Children spend 1,146 instructional hours per year in school. With each new day comes a new opportunity to reengage in the learning process. How do teachers ensure that students are fully engaged and able to continuously renew their commitment to learn? Contrary to conventional wisdom
, it is not how many instructional hours a student spends in school that predicts optimal learning. Research proves what predicts success is the number of hours students are actively engaged in learning. Posiitve psychology is strengths-centric education
that engages students.
Even though other nations, who out perform the U. S. on some standardized test measures, have longer school years, they have shorter school days spending fewer hours a year in school: Singapore (903), Taiwan (1050), Japan (1005), and Hong Kong (1013). Asian countries have made a commitment to positive psychology because they know that the qualitative flow of learning is more important than the quantitative length of the school day.
So what does engage students? Teachers who acknowledge, recognize, and encourage their cognitive, affective, and conative strengths. Teachers who concentrate on what children and adolescents know, how they feel, and what they can do invite them to learn.
Donald Clifton, the father of strengths psychology, wrote a book - Strengths Finder. His book detailed a common set of strengths and developed a strength assessment tool. He then used it to prove the connection between focus on strength and degree of engagement with task. He discovered that when an individual is able to attend to their strengths -- and not their weaknesses – they are more engaged. When an individual has the chance to do what they do well every day, that person is six times more likely to be engaged…and three times more likely to report they have an excellent quality of life in general.
The research also demonstrated that when another person focuses on your strength, it has an even more dramatic impact on your engagement in learning. In contrast, if an authority figure focuses on your weaknesses, you are 27% more likely to disengage from the learning task. If an authority figure ignores you, and especially your strengths, there is a 40% chance you will disengage from the task.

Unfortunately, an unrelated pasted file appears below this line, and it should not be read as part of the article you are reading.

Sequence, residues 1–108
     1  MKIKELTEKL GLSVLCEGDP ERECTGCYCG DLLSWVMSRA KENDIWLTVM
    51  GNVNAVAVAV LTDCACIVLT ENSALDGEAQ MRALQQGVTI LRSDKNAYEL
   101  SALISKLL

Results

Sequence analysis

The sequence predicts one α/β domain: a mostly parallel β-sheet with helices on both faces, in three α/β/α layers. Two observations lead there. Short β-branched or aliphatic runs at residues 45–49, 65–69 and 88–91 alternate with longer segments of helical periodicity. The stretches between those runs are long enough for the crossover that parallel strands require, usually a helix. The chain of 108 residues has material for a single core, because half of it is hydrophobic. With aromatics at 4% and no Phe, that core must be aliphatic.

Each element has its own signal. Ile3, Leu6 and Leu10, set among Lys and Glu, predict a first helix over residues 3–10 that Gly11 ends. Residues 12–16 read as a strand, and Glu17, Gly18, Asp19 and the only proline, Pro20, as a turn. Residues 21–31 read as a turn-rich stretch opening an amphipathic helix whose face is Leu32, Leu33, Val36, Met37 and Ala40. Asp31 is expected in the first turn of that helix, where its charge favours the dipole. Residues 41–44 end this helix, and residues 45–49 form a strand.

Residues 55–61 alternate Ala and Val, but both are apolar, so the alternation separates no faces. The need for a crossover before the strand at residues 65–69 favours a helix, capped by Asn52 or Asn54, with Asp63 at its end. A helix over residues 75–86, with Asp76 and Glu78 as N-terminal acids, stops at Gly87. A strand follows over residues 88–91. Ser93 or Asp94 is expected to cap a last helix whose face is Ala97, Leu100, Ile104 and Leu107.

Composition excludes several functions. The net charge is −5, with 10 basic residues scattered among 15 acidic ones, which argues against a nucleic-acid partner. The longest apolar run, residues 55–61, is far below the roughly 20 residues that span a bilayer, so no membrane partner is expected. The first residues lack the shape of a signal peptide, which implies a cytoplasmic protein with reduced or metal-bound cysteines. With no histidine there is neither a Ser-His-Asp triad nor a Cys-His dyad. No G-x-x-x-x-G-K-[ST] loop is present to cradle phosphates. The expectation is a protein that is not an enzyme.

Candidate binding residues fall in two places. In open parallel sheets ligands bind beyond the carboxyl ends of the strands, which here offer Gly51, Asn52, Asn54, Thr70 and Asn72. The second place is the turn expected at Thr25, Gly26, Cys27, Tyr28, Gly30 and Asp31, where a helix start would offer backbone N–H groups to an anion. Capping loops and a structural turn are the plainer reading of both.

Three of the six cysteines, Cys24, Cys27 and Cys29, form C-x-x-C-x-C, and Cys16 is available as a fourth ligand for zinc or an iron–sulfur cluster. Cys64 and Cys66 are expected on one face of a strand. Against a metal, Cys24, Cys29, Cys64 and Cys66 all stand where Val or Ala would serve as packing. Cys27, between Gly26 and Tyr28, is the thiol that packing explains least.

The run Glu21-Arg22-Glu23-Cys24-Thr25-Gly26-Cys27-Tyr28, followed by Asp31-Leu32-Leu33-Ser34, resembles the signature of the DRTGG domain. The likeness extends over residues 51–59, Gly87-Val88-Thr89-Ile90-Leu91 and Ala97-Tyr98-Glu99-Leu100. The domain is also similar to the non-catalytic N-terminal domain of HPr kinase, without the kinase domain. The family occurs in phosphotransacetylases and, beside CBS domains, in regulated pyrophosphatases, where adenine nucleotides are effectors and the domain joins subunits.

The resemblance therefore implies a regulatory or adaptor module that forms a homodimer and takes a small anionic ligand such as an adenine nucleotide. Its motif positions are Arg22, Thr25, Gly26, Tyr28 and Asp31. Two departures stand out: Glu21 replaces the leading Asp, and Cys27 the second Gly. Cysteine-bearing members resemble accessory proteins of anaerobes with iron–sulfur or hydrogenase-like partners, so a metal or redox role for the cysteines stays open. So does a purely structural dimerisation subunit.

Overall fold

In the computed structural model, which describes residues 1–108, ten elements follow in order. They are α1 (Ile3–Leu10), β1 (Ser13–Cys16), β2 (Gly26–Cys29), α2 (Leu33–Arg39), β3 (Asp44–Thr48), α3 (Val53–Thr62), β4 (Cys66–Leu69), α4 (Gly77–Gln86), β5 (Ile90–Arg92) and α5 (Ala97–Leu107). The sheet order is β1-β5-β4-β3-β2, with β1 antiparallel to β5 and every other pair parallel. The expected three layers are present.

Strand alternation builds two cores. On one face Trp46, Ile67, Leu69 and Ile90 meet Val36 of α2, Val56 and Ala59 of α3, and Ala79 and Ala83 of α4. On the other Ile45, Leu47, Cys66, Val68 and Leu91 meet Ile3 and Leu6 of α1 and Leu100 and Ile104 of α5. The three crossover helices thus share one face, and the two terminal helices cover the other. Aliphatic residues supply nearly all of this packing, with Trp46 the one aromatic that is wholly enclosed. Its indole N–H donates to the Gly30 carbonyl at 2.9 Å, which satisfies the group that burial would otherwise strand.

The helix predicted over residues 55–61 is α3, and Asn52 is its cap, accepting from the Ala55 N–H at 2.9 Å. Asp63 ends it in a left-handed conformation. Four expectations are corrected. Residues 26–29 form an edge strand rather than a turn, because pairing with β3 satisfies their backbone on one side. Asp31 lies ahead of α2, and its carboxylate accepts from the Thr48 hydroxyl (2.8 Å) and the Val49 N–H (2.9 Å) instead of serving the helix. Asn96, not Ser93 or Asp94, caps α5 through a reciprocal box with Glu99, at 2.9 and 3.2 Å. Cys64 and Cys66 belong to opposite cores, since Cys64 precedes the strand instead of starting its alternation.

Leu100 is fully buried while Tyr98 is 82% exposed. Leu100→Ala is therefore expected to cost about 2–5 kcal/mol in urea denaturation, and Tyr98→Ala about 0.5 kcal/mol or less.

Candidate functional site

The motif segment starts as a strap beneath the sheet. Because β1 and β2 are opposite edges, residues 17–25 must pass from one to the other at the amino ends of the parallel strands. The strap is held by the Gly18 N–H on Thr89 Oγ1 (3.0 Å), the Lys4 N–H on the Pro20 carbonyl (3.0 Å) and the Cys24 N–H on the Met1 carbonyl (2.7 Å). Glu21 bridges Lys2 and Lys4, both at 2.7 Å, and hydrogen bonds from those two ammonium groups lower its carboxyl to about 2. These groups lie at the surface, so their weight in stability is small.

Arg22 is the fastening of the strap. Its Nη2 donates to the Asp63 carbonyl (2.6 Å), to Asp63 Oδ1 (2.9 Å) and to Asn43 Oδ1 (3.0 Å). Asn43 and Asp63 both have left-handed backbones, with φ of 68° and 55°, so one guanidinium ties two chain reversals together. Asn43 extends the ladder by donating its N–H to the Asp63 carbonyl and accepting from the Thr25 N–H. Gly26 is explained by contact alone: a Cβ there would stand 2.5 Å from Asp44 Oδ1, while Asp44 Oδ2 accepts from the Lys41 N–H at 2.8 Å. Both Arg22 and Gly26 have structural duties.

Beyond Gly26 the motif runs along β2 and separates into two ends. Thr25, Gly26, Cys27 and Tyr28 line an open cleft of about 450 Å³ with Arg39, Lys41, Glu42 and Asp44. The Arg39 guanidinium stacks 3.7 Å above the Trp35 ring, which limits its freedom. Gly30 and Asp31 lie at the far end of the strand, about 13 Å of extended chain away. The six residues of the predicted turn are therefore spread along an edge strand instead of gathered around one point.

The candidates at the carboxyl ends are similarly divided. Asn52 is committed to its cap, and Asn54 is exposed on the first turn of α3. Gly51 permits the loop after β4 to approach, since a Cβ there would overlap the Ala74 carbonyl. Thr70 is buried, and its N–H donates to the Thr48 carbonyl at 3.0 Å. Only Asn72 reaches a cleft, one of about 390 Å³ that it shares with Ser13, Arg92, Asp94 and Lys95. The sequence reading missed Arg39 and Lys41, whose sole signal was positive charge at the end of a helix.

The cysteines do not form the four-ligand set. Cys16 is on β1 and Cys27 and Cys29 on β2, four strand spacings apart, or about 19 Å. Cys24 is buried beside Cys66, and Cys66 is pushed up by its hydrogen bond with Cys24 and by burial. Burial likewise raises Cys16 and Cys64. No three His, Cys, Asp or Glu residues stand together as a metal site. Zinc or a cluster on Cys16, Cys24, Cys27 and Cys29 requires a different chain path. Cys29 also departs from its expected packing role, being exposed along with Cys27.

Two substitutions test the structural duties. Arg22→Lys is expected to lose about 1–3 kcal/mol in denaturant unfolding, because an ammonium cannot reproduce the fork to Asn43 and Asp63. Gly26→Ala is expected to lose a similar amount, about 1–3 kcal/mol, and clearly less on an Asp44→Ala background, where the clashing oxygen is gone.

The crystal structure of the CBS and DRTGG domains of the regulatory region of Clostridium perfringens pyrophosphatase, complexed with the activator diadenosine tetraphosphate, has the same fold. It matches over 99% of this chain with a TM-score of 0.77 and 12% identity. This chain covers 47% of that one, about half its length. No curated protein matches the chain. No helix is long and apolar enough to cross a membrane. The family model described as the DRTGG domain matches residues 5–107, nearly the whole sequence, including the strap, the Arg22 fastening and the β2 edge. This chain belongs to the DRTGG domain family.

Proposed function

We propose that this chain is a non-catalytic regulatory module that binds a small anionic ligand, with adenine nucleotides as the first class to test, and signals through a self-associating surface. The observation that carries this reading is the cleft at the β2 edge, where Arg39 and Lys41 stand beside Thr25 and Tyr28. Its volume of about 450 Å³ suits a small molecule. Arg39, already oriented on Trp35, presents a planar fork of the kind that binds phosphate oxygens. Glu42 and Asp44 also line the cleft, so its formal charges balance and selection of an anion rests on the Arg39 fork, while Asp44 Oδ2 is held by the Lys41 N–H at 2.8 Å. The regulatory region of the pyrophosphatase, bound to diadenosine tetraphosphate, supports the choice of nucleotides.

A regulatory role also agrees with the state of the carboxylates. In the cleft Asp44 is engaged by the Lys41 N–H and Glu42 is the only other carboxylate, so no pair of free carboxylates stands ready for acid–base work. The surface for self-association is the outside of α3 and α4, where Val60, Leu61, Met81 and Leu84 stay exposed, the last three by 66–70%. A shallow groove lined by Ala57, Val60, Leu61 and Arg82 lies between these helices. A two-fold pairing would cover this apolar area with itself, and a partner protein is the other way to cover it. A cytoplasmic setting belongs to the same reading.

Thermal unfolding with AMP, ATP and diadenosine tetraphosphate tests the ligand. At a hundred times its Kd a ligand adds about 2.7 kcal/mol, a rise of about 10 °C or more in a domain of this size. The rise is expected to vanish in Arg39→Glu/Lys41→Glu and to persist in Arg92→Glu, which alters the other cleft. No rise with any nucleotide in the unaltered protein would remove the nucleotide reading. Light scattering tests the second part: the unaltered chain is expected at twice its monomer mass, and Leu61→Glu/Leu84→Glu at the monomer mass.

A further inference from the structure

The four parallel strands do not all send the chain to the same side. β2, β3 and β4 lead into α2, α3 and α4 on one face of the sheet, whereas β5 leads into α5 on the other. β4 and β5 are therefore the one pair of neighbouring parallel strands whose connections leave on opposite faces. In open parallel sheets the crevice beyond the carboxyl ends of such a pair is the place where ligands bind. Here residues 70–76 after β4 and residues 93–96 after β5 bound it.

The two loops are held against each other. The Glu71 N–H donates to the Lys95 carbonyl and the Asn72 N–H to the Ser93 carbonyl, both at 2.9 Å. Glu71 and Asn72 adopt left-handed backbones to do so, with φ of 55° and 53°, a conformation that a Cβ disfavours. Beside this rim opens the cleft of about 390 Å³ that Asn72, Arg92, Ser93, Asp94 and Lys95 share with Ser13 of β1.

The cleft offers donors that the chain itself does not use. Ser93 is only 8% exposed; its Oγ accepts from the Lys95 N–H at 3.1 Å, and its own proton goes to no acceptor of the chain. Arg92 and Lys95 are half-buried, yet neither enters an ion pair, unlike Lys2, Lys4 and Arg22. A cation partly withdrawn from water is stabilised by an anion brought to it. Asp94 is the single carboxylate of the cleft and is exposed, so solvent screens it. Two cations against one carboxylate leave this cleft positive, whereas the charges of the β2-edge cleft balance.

If teachers focus on what students get wrong on the test and what behavior they need to correct, it is guaranteed to create students who simply hold their breath and watch the clock until the school day is over. If teachers put student names on the blackboard -- not for exhibiting their strengths but for exhibiting their weaknesses -- they hinder the engagement that forecasts success. Children learn to endure rather than to enjoy school.
Children and adolescents engage in optimal learning when the teacher recognizes their strengths instead of cataloging their shortcomings. The deficiency model in education does not increase engagement through strength in the elementary classroom. For this reason, teachers must shift attention from what is wrong with students to what is right.
So a new day can begin.
Rath, T. (2007). Strengths finder 2.0. Washington, D.C.: Gallup Press. Retrieved http://www.strengthsfinder.com/home.aspx.
Strengths Quest http://www.strengthsquest.com/content/141365/resources.aspx/
I would love to hear from you. How do you focus on strengths? How do you acknowledge them? Do you tend to attend to strengths or catalogue deficits? How do you assess engagement in the learning task? Are you aware when students are not engaged? Do you encourage or discourage use of diverse strengths in your lessons? Do you construct lessons that enable or disable strengths?
My upcoming book, Positive Psychology in the Elementary School Classroom, is the first in a series intended to help teachers build positive psychology classrooms. http://books.wwnorton.com/books/Author.aspx?id=23961